Review: Unseemly Science by Rod Duncan || Slow start, but that ending is… something

Unseemly Science

Fall of the Gas-Lit Empire #2

Kristin Rod Duncan

book review 58.3

In the divided land of England, Elizabeth Barnabus has been living a double life – as both herself and as her brother, the private detective. Witnessing the hanging of Alice Carter, the false duchess, Elizabeth resolves to throw the Bullet Catcher’s Handbook into the fire, and forget her past. If only it were that easy!

There is a new charitable organisation in town, run by some highly respectable women. But something doesn’t feel right to Elizabeth. Perhaps it is time for her fictional brother to come out of retirement for one last case…? Her unstoppable curiosity leads her to a dark world of body-snatching, unseemly experimentation, politics and scandal. Never was it harder for a woman in a man’s world…

Publisher: Angry Robot

Published: May 5th 2015

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Possible Spoilers For: The Bullet Catcher’s Daughter

“For good or ill, knowledge has ever threatened the settled order. A keg of gunpowder may make matchwood of a sturdy house. But a book can set the world on fire.” 

This was really good. It is lacking in what book one had, but it makes up for it with so much more.

Elizabeth becomes a fugitive when the Republic signs a treaty with the Royalists to send people like her back to the kingdom, nonetheless she decided to pursue a case for her friend that initially more sinister than she imagined.

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“It was to dispel the smog of superstition and prejudice that we pulled the churches down. Now that work is done, let us build libraries in their stead.” 

For about eleven chapters, I just knew this one was going to suffer the irredeemable second book syndrome. However, I pushed past that and became incessantly focused on the plot. Action began to rise and the beloved Elizabeth Barnabus finally made her appearance. Not to say she wasn’t present before this moment— she is the main character after all. It her calculating, smart deductible side that came to the spotlight. Escaping capture, figuring out clues, I missed this side of herit was as if all of this was muted until then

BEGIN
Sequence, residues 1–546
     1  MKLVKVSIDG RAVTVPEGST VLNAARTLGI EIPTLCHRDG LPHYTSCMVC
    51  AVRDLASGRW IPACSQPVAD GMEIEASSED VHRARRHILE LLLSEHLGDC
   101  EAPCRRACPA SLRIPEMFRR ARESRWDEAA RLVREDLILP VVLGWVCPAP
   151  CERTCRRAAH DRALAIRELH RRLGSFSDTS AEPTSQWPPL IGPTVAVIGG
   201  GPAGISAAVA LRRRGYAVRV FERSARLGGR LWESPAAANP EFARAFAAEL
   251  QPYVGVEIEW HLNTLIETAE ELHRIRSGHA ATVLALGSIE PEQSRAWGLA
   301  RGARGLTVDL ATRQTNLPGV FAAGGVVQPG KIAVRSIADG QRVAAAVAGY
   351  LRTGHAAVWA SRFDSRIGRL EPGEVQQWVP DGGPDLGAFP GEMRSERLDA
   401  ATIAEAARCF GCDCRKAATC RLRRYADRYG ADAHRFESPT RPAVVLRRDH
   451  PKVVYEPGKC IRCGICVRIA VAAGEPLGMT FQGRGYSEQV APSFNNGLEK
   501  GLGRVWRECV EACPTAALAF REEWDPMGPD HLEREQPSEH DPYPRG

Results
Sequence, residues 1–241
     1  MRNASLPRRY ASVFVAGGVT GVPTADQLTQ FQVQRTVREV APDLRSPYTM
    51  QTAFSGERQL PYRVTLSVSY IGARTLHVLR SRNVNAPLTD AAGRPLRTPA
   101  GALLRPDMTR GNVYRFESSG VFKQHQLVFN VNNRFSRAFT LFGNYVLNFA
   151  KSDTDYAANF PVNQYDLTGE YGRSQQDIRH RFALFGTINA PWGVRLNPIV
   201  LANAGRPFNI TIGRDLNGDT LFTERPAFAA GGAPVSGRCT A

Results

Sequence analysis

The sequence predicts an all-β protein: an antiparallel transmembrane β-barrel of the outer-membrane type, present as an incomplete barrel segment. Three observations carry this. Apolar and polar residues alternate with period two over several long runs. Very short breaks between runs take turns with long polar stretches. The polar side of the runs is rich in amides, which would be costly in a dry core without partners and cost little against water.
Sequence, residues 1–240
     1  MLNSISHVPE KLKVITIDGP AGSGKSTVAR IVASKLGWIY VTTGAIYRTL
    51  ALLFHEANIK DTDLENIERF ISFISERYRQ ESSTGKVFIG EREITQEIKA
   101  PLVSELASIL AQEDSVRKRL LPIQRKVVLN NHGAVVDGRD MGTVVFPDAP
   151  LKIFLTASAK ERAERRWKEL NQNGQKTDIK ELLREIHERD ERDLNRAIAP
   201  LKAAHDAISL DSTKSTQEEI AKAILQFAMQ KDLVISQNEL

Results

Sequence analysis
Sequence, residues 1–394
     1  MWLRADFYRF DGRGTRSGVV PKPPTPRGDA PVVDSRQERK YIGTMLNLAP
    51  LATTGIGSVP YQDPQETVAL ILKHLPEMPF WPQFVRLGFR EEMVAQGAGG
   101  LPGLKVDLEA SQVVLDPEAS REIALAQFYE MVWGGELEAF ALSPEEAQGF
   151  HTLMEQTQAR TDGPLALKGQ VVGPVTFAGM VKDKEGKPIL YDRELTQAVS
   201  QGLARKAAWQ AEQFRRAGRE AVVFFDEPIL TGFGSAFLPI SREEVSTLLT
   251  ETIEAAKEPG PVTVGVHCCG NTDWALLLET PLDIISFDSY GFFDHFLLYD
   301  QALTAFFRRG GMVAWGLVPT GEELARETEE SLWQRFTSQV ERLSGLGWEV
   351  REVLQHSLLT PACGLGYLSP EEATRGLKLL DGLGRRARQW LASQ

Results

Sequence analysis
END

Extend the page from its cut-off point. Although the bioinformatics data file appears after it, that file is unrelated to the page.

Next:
I was pleasantly surprised by how much the plot twist and the reveal of important information was given. We learn with our main character, so I was always surprised. John Farthing made a few tiny appearances, once in the beginning and sparingly  towards the end seems like a trend and though I still wouldn’t call this a romancethere are more important things each have to focus on, I can still say it could go in that direction.

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“We use our eyes to see the world. But, as every conjurer knows, it is the mind that makes meaning.” 

He isn’t the only one who makes a small appearance; we meet up with Tink, who I didn’t realize would make a good foil for Elizabeth. Julia has a bigger role in this book, though in the beginning she was not on my good side.

It took a while for me to warm up to her if I’m honest and she left towards the end, but I’ll admit she is also a good foil for Elizabeth. It’s mentioned multiple times throughout the story. 

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A thing that really stood out to me and not in a good way is the time period we’re in. In one scene, Elizabeth asks for some records from 1996-2001. Yet I got a Victorian vibe… did the world revert back to those mentalities? How did we get to that point? Many questions need answers.

But, on a good note, the ending was an experienceI didn’t know who was going to die, how certain characters were going to make it out alive, it was a lot. And it does end on a cliff hanger in a way, so now I’m excited to get to the next onemore so than I probably so. 

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